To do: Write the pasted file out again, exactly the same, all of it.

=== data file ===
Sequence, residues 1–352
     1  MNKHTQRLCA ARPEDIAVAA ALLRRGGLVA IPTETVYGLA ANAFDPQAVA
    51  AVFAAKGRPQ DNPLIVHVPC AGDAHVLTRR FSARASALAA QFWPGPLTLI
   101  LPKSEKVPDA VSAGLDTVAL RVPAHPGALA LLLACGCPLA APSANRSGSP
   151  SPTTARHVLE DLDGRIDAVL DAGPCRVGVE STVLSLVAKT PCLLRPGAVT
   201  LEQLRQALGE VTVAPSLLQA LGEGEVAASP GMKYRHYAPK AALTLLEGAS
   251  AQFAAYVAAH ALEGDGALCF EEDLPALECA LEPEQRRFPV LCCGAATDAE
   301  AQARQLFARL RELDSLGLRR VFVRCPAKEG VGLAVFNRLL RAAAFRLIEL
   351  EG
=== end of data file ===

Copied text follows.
Sequence, residues 1–352
     1  MNKHTQRLCA ARPEDIAVAA ALLRRGGLVA IPTETVYGLA ANAFDPQAVA
    51  AVFAAKGRPQ DNPLIVHVPC AGDAHVLTRR FSARASALAA QFWPGPLTLI
   101  LPKSEKVPDA VSAGLDTVAL RVPAHPGALA LLLACGCPLA APSANRSGSP
   151  SPTTARHVLE DLDGRIDAVL DAGPCRVGVE STVLSLVAKT PCLLRPGAVT
   201  LEQLRQALGE VTVAPSLLQA LGEGEVAASP GMKYRHYAPK AALTLLEGAS
   251  AQFAAYVAAH ALEGDGALCF EEDLPALECA LEPEQRRFPV LCCGAATDAE
   301  AQARQLFARL RELDSLGLRR VFVRCPAKEG VGLAVFNRLL RAAAFRLIEL
   351  EG